-          his fellowship ended and he had to look for a job but then he was selected as a Junior fellow and continue his Experiments

1936   
-          he was again looking for a job and found a teaching and research position at the University of Minnesota were he stayed for 9 years
-          he married Yvonne Blue

1938   
-          their first child “Julie” was born
-          he was also able to publish his first book: “The Behavior of Organism”
-          he started 2 ventures: Project Pigeon – pigeon guided missiles and Baby tender for their second baby

1944   
-          their second daughter Deborah or “Debbie” was born
-          he prepared a film for government officials showing them pigeons that can track a moving target but some of them laughed about it
-          this leads to his second “identity crisis” at the age of 40 – brought about his struggle to write a book and his negative experiences over Project Pigeon and Baby tender and the fact that he is still dependent on his father for financial help

1945   
-          Skinner wrote “Walden Two” – Utopian novel that portrayed a society in which problems are solved through behavioral engineering – benchmark of Skinner’s professional career

1948   
-          he returned to Harvard and taught in the college of Education and wrote two books

1974   
-          he retired as a professor in Psychology but remained professor emeritus
-          he wrote 6 more books on human behavior making become “America’s Best-known Living Psychologist”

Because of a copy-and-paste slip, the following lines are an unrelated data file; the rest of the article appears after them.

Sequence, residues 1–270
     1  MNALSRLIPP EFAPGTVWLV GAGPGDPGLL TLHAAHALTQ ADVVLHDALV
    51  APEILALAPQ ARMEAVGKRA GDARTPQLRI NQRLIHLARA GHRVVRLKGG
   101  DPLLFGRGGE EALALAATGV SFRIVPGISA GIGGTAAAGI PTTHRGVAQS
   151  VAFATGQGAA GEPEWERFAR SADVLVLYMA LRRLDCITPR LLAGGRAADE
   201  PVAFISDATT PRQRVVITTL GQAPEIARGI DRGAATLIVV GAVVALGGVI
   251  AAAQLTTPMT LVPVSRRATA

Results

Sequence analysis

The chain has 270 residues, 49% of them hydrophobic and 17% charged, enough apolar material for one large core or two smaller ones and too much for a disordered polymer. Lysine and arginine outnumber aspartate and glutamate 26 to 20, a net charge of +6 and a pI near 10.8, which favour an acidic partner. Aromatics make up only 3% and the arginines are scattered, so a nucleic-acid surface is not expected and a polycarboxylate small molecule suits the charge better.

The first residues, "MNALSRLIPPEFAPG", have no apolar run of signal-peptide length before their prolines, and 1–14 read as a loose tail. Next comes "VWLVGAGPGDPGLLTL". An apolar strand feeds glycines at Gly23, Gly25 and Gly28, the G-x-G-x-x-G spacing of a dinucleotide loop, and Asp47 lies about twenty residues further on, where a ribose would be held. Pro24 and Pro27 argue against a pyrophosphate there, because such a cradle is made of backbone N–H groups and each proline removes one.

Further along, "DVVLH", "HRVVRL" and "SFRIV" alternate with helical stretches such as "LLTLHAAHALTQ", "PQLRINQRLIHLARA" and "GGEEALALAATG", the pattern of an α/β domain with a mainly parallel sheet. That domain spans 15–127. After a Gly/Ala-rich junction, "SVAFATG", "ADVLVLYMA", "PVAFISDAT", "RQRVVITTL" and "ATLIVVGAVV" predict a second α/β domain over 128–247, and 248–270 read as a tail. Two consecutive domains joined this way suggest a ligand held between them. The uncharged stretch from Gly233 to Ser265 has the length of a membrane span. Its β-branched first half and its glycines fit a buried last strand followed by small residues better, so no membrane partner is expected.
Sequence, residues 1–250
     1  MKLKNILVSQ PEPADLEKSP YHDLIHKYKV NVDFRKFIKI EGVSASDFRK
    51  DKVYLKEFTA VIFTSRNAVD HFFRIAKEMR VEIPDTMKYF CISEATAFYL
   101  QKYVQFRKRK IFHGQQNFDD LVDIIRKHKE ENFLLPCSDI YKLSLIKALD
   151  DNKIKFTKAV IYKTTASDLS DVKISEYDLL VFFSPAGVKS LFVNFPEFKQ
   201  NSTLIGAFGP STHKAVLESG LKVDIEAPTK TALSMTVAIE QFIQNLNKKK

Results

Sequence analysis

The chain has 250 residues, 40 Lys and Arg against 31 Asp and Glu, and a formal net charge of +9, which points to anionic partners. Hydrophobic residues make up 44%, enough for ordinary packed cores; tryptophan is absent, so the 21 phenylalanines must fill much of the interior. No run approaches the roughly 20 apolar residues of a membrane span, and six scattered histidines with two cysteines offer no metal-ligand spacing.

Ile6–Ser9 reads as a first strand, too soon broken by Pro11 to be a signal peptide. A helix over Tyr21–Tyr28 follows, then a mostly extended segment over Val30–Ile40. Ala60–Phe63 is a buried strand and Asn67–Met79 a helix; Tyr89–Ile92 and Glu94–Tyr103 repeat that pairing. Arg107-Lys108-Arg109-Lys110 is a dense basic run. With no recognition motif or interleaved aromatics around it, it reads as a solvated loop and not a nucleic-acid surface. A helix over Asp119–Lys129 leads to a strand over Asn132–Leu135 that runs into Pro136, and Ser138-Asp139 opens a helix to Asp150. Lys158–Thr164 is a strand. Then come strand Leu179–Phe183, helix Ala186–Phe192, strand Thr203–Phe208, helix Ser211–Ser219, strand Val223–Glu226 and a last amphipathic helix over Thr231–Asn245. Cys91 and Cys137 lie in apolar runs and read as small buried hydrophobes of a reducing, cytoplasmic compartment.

August 18, 1990        
-          Skinner died of Leukemia – one week after his emotional address at the APA Convention
-          he received “Citation for Outstanding Lifetime Contribution to Psychology” – only one who received that award



Influences
  • Edward L. Thorndike’s law of effect – Skinner agreed with Thorndike that the effects of rewards are more predictable than the effects of punishment in shaping behavior
  • John B. Watson – like Watson he insisted that human behavior should be studied scientifically

The Development of Personality

According to Skinner human behavior is shaped by three forces:
  • Natural Selection
  • Cultural Practices
  • History of Reinforcement


Natural Selection
  • Natural selection plays an important role in our personality.
  • Behaviors that were beneficial to the species tend to survive throughout history while those that were idiosyncratically reinforcing tend to drop out.
  • He suggested that the process of evolution shapes the innate behaviors of a species just as an individual’s learned behaviors are shaped by the environment.


Cultural Practices